4 Loneliest Moments Japanese Women with No Boyfriend Experience Part 2

5. When she visited a popular date spot by herself.

“Ouch! I didn’t need to be reminded that I don’t have a boyfriend,” one Japanese woman said in agony. Unless she has exceptionally thick skin, it’s difficult to witness couples in love and not feel lonely or left out. If you see a post on her Facebook page saying that she “enjoyed” stargazing by herself, try to cheer her up by making an innocent joke.

6. When she has no love stories to share or brag about during a girls’ night out.

“I had nothing to add when my friends were talking about their boyfriends,” a young Japanese woman told us with sagging shoulders. A girls’ night out is supposed to be fun, but she feels left out because she doesn’t have a love story of her own to share. If she mutters to you about her girls’ night out turning sour, showing your compassion by sharing a similar experience can bring you closer together.

7. When she discovers that her old classmate gave birth to her second child.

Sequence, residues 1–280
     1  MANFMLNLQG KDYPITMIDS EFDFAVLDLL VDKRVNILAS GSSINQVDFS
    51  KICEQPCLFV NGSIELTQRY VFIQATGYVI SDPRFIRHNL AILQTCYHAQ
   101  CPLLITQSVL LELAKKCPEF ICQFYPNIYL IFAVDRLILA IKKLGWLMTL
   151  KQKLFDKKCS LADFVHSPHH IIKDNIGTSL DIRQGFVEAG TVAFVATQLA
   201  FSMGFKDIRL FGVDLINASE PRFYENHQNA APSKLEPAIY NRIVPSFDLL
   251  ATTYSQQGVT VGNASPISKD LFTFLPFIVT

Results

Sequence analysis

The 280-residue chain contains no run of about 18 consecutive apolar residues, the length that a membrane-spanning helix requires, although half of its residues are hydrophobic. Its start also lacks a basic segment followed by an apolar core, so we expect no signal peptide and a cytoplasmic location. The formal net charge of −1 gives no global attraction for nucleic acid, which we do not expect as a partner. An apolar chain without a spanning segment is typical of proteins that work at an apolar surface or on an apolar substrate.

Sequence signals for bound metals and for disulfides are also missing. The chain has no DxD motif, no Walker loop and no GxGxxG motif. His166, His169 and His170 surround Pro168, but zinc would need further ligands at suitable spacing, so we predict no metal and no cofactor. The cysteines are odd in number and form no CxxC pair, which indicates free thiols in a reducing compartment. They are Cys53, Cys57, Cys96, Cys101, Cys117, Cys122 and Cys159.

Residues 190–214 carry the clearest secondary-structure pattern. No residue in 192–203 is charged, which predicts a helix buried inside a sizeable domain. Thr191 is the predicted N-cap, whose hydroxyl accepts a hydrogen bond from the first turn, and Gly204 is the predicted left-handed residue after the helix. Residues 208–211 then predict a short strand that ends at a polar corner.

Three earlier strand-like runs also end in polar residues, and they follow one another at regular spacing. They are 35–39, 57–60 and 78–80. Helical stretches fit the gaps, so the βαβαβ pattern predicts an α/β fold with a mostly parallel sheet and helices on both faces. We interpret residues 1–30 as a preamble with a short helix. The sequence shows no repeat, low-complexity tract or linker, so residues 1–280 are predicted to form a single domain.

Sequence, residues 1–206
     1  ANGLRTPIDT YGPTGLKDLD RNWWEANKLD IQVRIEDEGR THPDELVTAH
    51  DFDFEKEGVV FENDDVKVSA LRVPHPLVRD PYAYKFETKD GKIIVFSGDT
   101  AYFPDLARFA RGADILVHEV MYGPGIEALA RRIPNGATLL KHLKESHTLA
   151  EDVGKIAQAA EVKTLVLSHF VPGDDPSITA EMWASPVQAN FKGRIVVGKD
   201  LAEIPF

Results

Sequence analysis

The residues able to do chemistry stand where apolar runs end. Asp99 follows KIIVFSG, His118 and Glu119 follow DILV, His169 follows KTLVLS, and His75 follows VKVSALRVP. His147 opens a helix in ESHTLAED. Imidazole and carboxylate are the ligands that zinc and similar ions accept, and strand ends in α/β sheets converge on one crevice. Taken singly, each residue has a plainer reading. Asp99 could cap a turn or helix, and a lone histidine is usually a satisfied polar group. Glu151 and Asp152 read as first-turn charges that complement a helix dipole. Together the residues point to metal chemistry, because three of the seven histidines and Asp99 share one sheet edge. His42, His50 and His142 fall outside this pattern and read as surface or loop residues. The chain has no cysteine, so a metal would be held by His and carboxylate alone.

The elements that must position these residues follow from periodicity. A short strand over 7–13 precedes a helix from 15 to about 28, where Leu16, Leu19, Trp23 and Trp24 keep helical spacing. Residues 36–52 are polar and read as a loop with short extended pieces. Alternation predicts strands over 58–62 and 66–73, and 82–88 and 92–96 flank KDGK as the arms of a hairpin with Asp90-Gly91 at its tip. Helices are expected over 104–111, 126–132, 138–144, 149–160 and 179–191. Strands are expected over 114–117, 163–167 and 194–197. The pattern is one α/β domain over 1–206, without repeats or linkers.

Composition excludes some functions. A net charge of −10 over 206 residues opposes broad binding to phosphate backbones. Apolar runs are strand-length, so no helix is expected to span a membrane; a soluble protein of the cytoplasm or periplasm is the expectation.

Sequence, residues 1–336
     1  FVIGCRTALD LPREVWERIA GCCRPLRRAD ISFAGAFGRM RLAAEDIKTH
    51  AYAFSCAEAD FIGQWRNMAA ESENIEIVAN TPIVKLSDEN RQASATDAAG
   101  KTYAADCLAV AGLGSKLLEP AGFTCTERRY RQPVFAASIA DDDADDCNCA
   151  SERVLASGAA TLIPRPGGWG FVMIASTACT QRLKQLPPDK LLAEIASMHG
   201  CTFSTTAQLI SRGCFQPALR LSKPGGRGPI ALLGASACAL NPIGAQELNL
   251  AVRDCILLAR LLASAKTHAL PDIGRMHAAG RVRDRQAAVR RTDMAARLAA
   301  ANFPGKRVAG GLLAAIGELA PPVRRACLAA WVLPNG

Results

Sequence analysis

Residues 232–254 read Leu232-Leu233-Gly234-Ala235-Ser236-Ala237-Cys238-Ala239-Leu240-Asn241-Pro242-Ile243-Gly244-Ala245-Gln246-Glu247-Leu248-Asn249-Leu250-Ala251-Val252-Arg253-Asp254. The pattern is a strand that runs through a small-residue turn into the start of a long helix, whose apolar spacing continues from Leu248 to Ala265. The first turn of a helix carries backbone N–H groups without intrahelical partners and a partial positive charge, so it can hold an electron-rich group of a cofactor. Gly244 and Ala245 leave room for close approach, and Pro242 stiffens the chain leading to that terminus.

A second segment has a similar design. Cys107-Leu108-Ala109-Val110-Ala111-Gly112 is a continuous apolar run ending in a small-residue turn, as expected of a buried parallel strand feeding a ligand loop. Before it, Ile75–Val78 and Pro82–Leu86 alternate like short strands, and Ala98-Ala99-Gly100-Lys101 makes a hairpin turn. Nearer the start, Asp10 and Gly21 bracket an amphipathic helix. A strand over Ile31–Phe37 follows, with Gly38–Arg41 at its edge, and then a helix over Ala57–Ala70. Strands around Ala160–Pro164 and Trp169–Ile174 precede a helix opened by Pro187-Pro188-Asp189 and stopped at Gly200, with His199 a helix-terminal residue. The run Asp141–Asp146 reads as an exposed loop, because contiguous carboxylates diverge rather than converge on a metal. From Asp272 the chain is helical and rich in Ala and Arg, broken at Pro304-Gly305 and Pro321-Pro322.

“I don’t even have a boyfriend and I feel jealous,” confessed one Japanese woman in her 20s. There’s nothing she can do about it, but she still can’t help comparing it with her current situation and becoming green with envy. “There’s a baby boom around me, it must be the water,” some women may joke, pretending that it doesn’t bother them, but they may secretly be resentful inside.

8. When no one visited her in the hospital.

One Japanese woman in her 20s sobbed, “First time in my life, I felt so lonely.” In Japan, it’s not uncommon to be admitted into the hospital for a relatively run-of-the-mill illness such as pneumonia. Regardless of why she was in the hospital, when she is feeling unwell, receiving no visitors to comfort her is emotionally heartbreaking. It’s like being kicked when she’s already down. If you find that she is feeling unwell, even if it’s from a little cold, send her a quick word so she knows you care.

Leave a Comment

Your email address will not be published.